Especially as people are worse off, so they 'know' it didn't.

Luis Enrique

"Even the most highly educated of our young people -doctors and investment bankers - are unhappy. This tells us that education is not sufficient."

This does not tell us that increasing education is not important and (part of) correct policy response. If you want to take seriously the idea that young doctors and investment bankers are not significantly better off than most other young people and apply that consistently it would invalidate most left wing thought. More importantly, complaining young professionals does not tell us about what changing composition of labour force in terms of education would do to sectoral balance of supply and demand for labour, wages etc. - before writing off education you need to show those mechanisms won't operate

Dave Timoney

Jarvis's spurious claim about New Labour's naivety (obviously not a trained economist among them) shows that treating the electorate as idiots remains the order of the day.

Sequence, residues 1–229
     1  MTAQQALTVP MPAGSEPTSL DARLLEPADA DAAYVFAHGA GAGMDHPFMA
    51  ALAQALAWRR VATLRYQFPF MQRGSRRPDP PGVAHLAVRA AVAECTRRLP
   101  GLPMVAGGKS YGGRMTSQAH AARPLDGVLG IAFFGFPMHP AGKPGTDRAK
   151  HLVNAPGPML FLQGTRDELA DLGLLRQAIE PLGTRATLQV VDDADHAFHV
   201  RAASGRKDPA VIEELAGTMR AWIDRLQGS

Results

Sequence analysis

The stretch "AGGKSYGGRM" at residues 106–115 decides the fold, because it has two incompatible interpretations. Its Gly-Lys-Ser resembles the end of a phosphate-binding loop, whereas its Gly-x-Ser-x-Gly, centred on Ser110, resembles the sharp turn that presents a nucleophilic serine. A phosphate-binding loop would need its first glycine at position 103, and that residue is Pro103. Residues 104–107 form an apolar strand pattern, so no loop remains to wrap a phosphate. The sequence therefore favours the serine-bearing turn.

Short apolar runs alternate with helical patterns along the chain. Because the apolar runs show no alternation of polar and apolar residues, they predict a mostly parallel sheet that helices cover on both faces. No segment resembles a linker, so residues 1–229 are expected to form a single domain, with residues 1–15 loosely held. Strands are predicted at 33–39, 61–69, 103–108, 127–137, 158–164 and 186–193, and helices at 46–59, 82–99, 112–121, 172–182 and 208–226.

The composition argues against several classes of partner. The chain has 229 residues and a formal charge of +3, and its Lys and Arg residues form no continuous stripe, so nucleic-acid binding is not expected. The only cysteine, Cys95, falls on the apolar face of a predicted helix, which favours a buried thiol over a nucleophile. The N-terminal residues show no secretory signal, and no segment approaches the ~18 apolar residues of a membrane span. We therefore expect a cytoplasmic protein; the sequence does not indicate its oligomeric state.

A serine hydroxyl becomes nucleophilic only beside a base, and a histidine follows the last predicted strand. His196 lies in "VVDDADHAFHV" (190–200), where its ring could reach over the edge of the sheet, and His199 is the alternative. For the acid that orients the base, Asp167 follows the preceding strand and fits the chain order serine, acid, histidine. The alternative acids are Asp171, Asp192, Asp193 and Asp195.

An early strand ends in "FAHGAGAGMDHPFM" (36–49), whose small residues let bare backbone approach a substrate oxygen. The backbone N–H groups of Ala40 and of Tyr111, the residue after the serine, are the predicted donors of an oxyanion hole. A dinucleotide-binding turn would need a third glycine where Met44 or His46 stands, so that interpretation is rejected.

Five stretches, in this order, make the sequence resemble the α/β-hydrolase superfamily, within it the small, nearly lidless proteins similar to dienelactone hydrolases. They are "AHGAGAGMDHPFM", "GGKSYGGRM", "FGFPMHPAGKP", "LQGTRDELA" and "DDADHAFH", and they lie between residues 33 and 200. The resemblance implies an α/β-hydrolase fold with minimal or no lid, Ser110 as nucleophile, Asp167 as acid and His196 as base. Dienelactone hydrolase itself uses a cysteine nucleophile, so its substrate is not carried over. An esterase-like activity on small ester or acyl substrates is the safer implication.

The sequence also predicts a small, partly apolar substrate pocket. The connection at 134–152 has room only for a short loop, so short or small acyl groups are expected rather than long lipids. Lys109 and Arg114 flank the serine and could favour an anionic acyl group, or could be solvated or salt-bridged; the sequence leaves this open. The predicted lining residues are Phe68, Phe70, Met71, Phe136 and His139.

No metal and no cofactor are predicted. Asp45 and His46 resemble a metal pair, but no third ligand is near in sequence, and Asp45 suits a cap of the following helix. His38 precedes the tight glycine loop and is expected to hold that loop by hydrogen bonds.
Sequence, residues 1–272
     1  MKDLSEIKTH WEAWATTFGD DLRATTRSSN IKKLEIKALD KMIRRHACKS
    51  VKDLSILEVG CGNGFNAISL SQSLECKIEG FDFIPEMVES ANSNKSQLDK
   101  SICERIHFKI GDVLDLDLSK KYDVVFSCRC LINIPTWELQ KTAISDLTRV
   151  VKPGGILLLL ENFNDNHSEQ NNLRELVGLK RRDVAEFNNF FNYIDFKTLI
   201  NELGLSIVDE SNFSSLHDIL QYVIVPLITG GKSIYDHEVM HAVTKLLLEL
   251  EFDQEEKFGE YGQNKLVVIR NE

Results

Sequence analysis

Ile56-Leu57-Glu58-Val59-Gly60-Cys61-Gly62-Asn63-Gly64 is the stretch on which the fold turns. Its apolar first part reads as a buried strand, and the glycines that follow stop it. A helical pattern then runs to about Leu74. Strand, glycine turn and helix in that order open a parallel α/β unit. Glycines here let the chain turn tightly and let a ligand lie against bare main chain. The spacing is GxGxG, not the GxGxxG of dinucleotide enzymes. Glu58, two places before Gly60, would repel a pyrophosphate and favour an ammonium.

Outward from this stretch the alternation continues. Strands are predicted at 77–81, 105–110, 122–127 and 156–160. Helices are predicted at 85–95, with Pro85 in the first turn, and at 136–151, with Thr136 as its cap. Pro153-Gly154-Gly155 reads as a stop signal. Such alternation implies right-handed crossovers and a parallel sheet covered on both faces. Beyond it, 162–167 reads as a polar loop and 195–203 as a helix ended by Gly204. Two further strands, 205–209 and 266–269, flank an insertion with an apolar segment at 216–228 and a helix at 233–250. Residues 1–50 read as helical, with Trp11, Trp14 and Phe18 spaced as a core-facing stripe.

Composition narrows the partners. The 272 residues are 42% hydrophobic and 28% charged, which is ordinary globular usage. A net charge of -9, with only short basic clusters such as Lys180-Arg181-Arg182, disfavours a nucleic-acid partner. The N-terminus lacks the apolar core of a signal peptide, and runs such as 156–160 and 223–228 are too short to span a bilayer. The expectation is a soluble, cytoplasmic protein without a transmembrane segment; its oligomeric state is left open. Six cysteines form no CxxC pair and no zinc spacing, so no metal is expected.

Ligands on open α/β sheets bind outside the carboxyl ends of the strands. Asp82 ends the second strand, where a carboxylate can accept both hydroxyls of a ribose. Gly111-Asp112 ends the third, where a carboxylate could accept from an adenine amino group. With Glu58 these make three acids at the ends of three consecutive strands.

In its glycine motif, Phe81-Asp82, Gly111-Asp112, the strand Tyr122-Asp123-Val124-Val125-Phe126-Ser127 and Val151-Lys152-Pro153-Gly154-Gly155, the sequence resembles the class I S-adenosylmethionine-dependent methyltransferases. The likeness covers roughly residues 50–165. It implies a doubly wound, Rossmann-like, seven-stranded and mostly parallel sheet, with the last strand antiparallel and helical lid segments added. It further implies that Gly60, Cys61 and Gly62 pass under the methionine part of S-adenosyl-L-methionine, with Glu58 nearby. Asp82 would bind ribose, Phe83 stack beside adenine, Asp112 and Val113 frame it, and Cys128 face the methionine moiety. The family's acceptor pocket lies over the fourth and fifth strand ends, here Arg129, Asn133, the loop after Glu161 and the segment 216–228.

When you combine this with the fatuous comments of Michael Dugher et al, it is clear that the Blairites are the new Bourbons: they have learned nothing, they have forgotten nothing.

Meanwhile, Jess Philips prepares to reprise the role of Charlotte Corday ...


Novel to call Michael Dugher a Blairite

gastro george

Drum roll while others post "more suitable" adjectives.


«expansionary macro policy to create genuine full employment and a serious jobs guarantee»

Plus *obviously* fully free immigration from countries with lots of unemployment and much lower wages.

After all it has been proven that immigration (and imports) from countries with lots of unemployment and much lower wages simply stops wages rising (and helps massive property appreciation).